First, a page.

From the master of the historical spy thriller, a story set in the heart of the Polish resistance September, 1939. The invading Germans blaze a trail of destruction across Poland. France and Britain declare war, but do nothing to help. And a Polish resistance movement takes shape under the shadow of occupation, enlisting those willing to risk ...Read MoreFrom the master of the historical spy thriller, a story set in the heart of the Polish resistance September, 1939. The invading Germans blaze a trail of destruction across Poland. France and Britain declare war, but do nothing to help. And a Polish resistance movement takes shape under the shadow of occupation, enlisting those willing to risk death in the struggle for their nation's survival. Among them is Captain Alexander de Milja, an officer in the Polish military intelligence service, a cartographer who now must learn a dangerous new role: spymaster in the anti-Nazi underground. Beginning with a daring operation to smuggle the Polish National Gold Reserve to the government in exile, he slips into the shadowy and treacherous front lines of espionage; he moves through Europe, changing identities and staying one step ahead of capture. In Warsaw, he engineers a subversive campaign to strengthen the people's will to resist. In Paris, he poses as a Russian poet, then as a Slovakian coal merchant, drinking champagne in black-market bistros with Nazis while uncovering information about German battle plans. And a love affair with a woman of the French Resistance leads him to make the greatest decision of his life.Read Less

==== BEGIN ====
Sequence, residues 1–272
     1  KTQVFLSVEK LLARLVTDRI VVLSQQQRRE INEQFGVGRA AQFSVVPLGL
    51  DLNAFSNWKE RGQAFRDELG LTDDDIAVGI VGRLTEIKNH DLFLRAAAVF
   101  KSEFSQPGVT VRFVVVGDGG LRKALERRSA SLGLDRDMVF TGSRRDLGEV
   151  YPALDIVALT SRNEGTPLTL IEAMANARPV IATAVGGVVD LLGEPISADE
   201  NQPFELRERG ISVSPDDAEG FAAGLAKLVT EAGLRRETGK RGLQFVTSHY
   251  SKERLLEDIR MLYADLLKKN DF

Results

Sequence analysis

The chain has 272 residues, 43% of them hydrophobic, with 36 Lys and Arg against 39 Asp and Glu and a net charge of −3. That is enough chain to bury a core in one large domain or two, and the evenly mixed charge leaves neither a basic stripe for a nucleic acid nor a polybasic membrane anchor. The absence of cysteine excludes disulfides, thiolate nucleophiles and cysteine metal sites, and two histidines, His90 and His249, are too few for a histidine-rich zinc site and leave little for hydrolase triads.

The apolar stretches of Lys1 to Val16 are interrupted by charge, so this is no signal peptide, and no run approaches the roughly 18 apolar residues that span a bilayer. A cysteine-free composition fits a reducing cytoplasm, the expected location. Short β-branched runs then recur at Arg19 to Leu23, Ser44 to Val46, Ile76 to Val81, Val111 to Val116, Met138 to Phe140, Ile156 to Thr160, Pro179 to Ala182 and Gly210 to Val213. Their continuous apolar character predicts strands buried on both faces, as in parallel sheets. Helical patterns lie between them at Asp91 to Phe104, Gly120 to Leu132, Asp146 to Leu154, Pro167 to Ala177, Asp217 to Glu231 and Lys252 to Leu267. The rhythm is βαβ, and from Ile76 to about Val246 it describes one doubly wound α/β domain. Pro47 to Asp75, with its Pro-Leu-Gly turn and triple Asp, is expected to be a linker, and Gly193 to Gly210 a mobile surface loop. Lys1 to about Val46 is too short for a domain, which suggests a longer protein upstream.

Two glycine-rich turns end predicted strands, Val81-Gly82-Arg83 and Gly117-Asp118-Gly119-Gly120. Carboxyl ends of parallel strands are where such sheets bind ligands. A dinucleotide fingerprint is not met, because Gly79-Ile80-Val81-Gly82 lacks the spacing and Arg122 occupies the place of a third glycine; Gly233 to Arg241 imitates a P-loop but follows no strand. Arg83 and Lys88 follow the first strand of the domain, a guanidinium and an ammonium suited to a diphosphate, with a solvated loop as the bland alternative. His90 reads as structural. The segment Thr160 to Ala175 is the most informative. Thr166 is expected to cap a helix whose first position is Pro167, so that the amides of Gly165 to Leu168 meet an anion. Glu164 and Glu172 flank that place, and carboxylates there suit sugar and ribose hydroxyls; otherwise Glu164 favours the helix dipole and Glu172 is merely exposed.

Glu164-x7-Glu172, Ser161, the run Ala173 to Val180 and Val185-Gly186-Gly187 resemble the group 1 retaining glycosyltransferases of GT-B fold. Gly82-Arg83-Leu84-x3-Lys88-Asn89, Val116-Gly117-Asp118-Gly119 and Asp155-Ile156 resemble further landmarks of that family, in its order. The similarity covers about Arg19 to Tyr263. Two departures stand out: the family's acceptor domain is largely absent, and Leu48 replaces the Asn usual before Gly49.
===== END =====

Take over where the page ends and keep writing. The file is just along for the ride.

Alan Furst writes about a part of WW2 that no author I have read touches upon. He explores the underground, the spying and the effect of the war on the lives of normal people just trying to be patriotic (in some cases) or just trying to exist and keep their things in tact (the French).
His writing is raw, but richly sentimental; factual, yet filled with characters created by the circumstances. I hope he keeps cranking these things out. I have now read seven of his WW2 books and keep looking for more.
Publishers Weekly, 1994-12-19 With clear, reticent prose and his trademark mastery of historical detail, Furst (Shadow Trade; Night Soldiers) brings vividly to life this WWII-era tale of espionage and bravery, chronicling the work of the Polish underground in Poland, France and the Ukraine. As Warsaw is falling in 1939, Polish Captain Alexander de Milja embarks on a harrowing journey to smuggle the national gold reserves out of the country by rail-the first of many death-defying missions he will undertake for the nascent ZWZ, the Union for Armed Struggle. Under a series of false identities, mingling with the bon vivants of occupied Paris, he later becomes a prized intelligence resource in France, surviving by cunning and passing valuable strategic information to the British. In the novel's final section, de Milja is in even more danger, working as a saboteur based in a Ukrainian forest as the Germans march east. Throughout these dramatic events, Furst's understated narrative is insightful and convincing. The unassuming de Milja-who considers himself merely ``unafraid to die, and lucky so far''-proves an engaging protagonist. His exploits and the courageous sacrifices of the ordinary patriots who help him are both thrilling and at times inspiring. (Feb.)
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